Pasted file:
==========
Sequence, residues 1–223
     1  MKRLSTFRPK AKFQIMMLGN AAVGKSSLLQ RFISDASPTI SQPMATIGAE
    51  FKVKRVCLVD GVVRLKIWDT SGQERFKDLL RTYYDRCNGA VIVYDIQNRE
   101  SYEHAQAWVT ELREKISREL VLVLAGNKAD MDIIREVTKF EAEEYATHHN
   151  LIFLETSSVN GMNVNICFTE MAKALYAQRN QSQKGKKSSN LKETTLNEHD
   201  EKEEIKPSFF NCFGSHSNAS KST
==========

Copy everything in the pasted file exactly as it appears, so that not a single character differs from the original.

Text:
Sequence, residues 1–223
     1  MKRLSTFRPK AKFQIMMLGN AAVGKSSLLQ RFISDASPTI SQPMATIGAE
    51  FKVKRVCLVD GVVRLKIWDT SGQERFKDLL RTYYDRCNGA VIVYDIQNRE
   101  SYEHAQAWVT ELREKISREL VLVLAGNKAD MDIIREVTKF EAEEYATHHN
   151  LIFLETSSVN GMNVNICFTE MAKALYAQRN QSQKGKKSSN LKETTLNEHD
   201  EKEEIKPSFF NCFGSHSNAS KST